Published online by Cambridge University Press: 06 April 2021
Wittgenstein's May–June 1913 critique of Russell's multiple relation theory of judgement (or MRTJ) marked a crucial turning point in the lives of each of two great twentieth-century thinkers. But it was also a watershed moment within the history of analytic philosophy itself. The critique led Russell to abandon his 1913 Theory of Knowledge manuscript and left a significant breach within his epistemology. It represented an important milestone within Wittgenstein's philosophical career and marked the point at which he emerged on the scene as an independent philosophical force. It inaugurated a linguistic turn in twentieth-century philosophy which would dominate the course of analytic philosophy throughout the early and middle part of that century. The critique directly concerns and engages with the weightiest and most fundamental topics and concepts of philosophical semantics, including those of sense, truth, meaning, inference, logical form and information content, as well as the nature, structure and unity of propositions.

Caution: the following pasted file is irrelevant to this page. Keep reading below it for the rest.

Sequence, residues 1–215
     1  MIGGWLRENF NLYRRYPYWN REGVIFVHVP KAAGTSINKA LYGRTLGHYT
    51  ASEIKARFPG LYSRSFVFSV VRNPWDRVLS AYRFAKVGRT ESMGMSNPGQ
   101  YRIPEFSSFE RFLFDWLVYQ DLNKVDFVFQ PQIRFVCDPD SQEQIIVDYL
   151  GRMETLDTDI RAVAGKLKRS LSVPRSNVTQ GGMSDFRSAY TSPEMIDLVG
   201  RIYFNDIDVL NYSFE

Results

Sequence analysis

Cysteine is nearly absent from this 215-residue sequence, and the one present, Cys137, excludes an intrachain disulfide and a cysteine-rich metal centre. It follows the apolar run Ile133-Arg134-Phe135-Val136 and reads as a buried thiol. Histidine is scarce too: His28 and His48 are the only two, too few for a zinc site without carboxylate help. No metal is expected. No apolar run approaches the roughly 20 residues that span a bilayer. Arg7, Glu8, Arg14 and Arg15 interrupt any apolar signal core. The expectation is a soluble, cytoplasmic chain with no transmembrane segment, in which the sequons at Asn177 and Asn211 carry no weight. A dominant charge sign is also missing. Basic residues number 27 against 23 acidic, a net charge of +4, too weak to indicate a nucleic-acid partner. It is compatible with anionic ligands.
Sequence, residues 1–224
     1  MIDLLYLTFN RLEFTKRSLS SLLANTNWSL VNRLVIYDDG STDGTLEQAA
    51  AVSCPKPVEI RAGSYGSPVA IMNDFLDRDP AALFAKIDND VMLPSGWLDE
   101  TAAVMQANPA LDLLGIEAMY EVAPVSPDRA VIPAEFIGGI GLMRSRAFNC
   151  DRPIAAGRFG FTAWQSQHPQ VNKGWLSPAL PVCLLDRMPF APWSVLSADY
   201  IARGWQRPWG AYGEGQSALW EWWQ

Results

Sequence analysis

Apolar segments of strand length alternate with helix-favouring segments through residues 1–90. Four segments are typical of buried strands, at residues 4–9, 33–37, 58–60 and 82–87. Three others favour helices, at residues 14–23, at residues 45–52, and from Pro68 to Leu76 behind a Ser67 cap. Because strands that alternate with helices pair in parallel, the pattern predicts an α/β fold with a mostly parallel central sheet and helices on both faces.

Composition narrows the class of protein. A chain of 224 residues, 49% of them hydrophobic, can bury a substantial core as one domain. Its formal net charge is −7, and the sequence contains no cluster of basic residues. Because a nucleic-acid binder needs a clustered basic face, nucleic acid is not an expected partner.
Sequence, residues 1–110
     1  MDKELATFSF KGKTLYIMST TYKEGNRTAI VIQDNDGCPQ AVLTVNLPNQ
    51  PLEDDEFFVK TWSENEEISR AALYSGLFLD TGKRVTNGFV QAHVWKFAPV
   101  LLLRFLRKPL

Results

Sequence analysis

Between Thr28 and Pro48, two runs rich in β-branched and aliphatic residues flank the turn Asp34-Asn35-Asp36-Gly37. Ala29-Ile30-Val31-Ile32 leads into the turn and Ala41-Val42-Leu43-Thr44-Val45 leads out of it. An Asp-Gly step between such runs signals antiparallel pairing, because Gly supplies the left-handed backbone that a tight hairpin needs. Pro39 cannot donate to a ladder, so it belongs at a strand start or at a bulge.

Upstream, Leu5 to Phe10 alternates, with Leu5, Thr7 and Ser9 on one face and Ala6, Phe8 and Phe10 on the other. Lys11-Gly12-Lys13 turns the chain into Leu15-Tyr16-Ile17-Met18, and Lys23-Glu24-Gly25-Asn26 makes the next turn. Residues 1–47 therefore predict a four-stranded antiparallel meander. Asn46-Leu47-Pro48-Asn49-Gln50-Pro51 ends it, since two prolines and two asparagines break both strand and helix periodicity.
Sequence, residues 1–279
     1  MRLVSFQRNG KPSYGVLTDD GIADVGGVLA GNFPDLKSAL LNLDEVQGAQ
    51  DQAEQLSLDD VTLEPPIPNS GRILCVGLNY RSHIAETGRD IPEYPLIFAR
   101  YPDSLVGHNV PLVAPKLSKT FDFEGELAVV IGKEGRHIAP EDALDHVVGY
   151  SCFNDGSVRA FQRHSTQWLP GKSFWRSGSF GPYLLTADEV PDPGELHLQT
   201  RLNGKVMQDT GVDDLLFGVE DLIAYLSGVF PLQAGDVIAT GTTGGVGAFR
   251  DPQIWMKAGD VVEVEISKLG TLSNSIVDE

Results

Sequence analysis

For these and other reasons it is worthy of careful study and deep understanding. Yet scholarly consensus around a satisfactory interpretation of the nature of the critique, the extent of and reasons for its impact on Russell and the role it played within Wittgenstein's philosophical development has remained elusive. This partly reflects the fact that a correct interpretation of Wittgenstein's critique depends upon the satisfactory resolution of several other related exegetical controversies within the interpretation of Russell's and Wittgenstein's respective philosophies. Such controversies include, for instance, those surrounding the nature and import of type distinctions introduced in Russell and Whitehead's Principia Mathematica. They also include those concerning the timeline on which important ideas emerged within Wittgenstein's early philosophy, such as bipolarity, extensionalism and the saying/showing distinction. The relationship between exegesis which aims to resolve these broader sorts of controversies and that which more specifically concerns Wittgenstein's May–June 1913 critique of Russell's MRTJ is thus a symbiotic one. Sound interpretation of the latter stands to illuminate the former and vice versa. This perhaps partly explains why, as Michael Potter has noted, ‘offering an exegesis of Wittgenstein's objection seems to have become a sort of rite of passage for scholars of early analytic philosophy’ (2009, 119).